Convincing people to care about nature is a cornerstone of the modern conservation movement. In theory, if enough people care about nature then businesses and governments will respond with products and policies that create a better world while bending our behavior towards greener options.
But caring isn’t enough. We cannot ‘care’ our way out of losing the spaces and species that sustain life. Nor can we expect policy alone to carry us to a better future. Policy is fickle and policy positions swing wildly with election cycles and the ebb and flow of public support. The public can rally at key moments to exert influence and tip the scales. But without steady pressure our world resets to the current and unsustainable state.
It’s time to think differently about how to live smarter on the planet. There is a better future that balances the needs of people and planet but we won’t get there with the same systems and thinking that created our current situation. What if we could make the planet better without people needing to care?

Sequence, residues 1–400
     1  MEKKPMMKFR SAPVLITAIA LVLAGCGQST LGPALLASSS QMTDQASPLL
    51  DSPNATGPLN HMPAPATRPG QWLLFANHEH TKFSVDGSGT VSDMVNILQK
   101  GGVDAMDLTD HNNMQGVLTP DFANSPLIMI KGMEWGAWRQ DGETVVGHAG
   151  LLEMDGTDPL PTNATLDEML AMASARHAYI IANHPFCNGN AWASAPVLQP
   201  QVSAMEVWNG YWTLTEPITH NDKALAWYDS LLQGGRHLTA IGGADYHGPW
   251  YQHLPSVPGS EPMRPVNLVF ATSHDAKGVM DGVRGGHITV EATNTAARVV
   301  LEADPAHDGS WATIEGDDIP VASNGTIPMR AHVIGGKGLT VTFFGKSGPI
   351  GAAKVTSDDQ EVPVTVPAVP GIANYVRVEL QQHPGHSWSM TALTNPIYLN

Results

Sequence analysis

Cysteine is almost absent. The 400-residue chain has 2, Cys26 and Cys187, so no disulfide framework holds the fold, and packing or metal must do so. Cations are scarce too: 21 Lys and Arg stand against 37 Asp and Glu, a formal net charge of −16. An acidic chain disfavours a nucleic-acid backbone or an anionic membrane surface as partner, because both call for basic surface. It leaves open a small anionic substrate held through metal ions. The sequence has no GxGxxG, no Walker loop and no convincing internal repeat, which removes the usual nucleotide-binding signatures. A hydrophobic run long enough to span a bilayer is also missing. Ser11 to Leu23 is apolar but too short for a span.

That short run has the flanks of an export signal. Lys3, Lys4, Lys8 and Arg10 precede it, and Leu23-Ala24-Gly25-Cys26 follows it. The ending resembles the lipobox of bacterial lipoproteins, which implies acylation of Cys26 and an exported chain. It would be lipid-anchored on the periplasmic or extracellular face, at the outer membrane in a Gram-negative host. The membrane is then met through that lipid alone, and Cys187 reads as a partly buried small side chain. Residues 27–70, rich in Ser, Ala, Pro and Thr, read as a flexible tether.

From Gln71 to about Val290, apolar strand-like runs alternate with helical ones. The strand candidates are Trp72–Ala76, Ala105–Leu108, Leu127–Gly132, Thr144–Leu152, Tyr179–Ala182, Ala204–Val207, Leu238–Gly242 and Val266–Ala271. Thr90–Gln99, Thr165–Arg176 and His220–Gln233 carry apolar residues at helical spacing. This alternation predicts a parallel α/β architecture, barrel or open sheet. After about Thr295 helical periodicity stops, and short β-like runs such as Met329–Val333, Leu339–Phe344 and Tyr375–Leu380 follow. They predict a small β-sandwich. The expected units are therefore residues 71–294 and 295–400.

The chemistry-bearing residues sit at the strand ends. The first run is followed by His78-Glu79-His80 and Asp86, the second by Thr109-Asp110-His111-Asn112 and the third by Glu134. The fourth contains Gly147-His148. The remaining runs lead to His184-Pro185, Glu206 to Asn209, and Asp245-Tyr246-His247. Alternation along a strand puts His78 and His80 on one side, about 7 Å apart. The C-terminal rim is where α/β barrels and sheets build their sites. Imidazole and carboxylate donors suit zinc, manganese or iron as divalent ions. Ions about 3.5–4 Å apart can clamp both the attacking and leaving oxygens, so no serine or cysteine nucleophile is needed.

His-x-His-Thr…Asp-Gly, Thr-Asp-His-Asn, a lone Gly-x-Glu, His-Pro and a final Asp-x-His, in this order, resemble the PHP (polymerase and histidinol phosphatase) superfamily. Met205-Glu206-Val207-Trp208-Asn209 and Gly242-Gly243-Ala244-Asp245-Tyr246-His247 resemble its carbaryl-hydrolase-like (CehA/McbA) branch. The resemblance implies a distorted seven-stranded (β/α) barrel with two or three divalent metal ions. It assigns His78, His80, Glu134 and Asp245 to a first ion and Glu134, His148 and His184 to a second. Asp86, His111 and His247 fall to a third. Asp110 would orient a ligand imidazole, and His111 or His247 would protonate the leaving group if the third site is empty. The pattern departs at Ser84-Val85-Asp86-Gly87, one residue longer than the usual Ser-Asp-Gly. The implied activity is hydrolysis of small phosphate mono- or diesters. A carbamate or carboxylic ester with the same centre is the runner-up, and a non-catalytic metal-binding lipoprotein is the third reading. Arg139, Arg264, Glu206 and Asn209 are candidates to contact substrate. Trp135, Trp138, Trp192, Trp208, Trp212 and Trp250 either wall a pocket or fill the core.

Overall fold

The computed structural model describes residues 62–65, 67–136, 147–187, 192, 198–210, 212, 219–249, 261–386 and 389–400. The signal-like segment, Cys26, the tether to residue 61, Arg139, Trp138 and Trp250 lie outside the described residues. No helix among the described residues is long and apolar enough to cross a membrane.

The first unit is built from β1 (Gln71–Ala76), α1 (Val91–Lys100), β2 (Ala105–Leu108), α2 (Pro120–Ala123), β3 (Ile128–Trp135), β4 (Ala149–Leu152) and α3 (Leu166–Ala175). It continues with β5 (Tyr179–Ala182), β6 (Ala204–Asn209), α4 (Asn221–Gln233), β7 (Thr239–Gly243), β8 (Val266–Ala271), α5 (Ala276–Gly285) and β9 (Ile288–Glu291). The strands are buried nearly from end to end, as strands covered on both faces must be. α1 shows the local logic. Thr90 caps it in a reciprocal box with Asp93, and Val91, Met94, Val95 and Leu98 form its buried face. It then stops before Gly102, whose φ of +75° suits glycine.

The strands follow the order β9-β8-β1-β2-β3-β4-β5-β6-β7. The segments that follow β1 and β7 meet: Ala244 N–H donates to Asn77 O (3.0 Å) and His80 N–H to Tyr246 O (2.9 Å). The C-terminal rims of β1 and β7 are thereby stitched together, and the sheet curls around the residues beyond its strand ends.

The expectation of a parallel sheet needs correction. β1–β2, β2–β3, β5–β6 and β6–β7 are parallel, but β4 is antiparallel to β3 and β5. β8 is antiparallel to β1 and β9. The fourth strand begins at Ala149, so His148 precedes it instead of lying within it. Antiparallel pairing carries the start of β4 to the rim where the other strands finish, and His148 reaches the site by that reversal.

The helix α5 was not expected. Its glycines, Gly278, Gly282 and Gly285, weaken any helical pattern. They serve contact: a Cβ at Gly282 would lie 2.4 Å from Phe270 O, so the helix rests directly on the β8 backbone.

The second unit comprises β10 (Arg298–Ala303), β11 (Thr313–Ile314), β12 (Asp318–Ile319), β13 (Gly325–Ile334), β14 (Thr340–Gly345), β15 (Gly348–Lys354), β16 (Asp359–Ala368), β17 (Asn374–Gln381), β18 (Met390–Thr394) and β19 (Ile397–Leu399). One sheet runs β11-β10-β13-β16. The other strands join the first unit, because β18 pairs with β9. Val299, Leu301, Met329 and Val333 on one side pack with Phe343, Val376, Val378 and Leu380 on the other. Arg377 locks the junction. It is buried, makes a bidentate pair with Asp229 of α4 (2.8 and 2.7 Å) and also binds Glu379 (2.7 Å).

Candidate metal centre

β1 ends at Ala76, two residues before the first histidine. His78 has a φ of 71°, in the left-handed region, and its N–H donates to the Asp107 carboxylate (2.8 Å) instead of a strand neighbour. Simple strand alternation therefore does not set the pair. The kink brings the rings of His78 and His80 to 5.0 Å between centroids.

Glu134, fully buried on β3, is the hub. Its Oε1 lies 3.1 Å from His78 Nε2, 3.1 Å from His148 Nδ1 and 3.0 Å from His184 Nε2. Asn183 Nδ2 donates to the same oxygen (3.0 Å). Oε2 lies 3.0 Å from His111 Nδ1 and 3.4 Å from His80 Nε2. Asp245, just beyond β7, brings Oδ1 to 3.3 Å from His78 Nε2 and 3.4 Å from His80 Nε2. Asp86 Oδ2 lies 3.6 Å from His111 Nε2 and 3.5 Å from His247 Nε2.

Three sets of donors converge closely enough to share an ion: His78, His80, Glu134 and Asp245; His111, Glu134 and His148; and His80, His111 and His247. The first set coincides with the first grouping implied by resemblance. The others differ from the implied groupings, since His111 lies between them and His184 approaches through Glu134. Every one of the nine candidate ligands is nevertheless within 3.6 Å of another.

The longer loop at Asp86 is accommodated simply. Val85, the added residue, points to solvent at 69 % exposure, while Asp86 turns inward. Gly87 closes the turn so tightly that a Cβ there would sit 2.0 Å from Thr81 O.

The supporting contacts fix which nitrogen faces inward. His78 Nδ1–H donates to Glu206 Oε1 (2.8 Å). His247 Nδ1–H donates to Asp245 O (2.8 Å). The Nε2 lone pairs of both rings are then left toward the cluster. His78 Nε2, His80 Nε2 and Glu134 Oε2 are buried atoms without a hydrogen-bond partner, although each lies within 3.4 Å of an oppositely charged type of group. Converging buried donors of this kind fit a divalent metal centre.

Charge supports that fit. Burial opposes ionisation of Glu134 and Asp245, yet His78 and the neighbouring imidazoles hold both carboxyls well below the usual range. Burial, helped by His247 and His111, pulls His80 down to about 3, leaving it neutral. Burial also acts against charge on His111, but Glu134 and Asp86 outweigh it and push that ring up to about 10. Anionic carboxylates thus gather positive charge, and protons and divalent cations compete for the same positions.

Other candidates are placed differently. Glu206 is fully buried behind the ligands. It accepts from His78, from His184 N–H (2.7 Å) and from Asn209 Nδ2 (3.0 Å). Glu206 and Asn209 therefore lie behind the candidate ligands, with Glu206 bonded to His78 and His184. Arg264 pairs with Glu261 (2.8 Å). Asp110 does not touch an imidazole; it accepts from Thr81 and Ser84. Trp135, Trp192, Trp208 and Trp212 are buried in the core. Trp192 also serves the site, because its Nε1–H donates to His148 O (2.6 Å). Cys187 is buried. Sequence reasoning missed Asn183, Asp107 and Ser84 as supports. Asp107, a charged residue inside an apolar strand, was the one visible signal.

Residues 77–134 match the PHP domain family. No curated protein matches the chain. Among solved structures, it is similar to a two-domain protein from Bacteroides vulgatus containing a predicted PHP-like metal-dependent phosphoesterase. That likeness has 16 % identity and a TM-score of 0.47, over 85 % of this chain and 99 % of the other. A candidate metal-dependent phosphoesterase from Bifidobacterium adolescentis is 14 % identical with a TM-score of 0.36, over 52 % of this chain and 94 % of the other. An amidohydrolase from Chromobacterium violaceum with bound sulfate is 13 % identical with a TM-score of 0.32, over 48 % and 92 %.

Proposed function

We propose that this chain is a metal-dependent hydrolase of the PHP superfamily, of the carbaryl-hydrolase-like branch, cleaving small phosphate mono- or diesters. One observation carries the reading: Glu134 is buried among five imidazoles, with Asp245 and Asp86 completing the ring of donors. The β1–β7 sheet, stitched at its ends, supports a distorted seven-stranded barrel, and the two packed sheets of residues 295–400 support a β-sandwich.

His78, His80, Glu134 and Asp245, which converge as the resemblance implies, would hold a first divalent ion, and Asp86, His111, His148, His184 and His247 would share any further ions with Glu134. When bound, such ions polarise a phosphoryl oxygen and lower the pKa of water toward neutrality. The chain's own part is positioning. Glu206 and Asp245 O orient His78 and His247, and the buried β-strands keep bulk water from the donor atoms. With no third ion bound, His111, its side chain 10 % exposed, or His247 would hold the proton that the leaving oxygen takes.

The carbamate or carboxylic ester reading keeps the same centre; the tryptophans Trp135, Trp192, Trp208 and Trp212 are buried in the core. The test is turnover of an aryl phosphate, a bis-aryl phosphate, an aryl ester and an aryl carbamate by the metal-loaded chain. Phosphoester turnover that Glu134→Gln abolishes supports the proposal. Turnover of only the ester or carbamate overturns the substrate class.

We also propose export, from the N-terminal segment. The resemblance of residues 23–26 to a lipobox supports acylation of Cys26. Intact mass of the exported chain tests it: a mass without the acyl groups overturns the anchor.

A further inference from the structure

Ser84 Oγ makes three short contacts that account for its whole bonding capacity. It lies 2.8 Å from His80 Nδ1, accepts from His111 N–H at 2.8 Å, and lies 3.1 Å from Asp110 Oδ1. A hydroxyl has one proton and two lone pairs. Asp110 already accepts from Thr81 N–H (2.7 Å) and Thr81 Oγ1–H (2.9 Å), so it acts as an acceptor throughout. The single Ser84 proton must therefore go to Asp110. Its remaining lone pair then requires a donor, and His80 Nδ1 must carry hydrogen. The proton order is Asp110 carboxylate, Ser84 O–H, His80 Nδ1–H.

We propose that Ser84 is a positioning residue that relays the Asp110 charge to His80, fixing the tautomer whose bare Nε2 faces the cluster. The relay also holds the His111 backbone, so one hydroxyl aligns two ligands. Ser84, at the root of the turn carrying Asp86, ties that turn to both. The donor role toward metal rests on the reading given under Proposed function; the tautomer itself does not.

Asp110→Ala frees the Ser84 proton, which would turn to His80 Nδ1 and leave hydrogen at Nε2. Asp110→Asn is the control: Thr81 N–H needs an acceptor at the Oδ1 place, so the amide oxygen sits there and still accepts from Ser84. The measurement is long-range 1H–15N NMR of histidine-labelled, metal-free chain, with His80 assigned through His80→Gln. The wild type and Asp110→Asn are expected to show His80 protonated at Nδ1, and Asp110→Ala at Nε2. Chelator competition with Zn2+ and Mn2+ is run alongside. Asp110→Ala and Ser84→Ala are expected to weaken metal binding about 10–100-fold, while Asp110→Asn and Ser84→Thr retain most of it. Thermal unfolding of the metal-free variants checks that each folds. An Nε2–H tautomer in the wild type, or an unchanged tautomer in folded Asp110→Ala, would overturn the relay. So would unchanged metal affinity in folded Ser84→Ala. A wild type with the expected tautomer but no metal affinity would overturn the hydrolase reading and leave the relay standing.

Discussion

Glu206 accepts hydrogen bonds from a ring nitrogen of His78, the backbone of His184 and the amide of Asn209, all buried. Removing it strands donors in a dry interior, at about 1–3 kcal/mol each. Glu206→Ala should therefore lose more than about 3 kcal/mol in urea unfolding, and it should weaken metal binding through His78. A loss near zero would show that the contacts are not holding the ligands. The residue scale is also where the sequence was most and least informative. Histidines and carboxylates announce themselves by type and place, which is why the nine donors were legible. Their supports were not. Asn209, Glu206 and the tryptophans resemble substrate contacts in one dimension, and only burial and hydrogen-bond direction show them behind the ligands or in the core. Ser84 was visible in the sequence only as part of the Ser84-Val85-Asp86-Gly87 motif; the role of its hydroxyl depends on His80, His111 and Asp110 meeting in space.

This is where biomimicry comes in. Biomimicry is a practice that learns from and mimics the strategies found in nature to solve our design challenges by drawing on nature’s 3.8BN years of research and development. Unfortunately the biomimicry mindset isn’t commonly understood. To close this gap, “The New Darwins” was conceived as a mini-series to raise awareness of biomimicry and how biomimcs are designing a more resilient world. This series elevates and celebrates stories of well-adapted species that have perfected strategies for life on earth and forward-thinking people translating nature’s genius into products, systems, and processes that solve real-world challenges and create a sustainable future now.
Biomimicry holds the answers to a future that balances the needs of people and planet. As more and more companies embrace this philosophy, climate and biodiversity issues resolve themselves through virtue of thriving economies and communities that are part of nature rather than apart from it.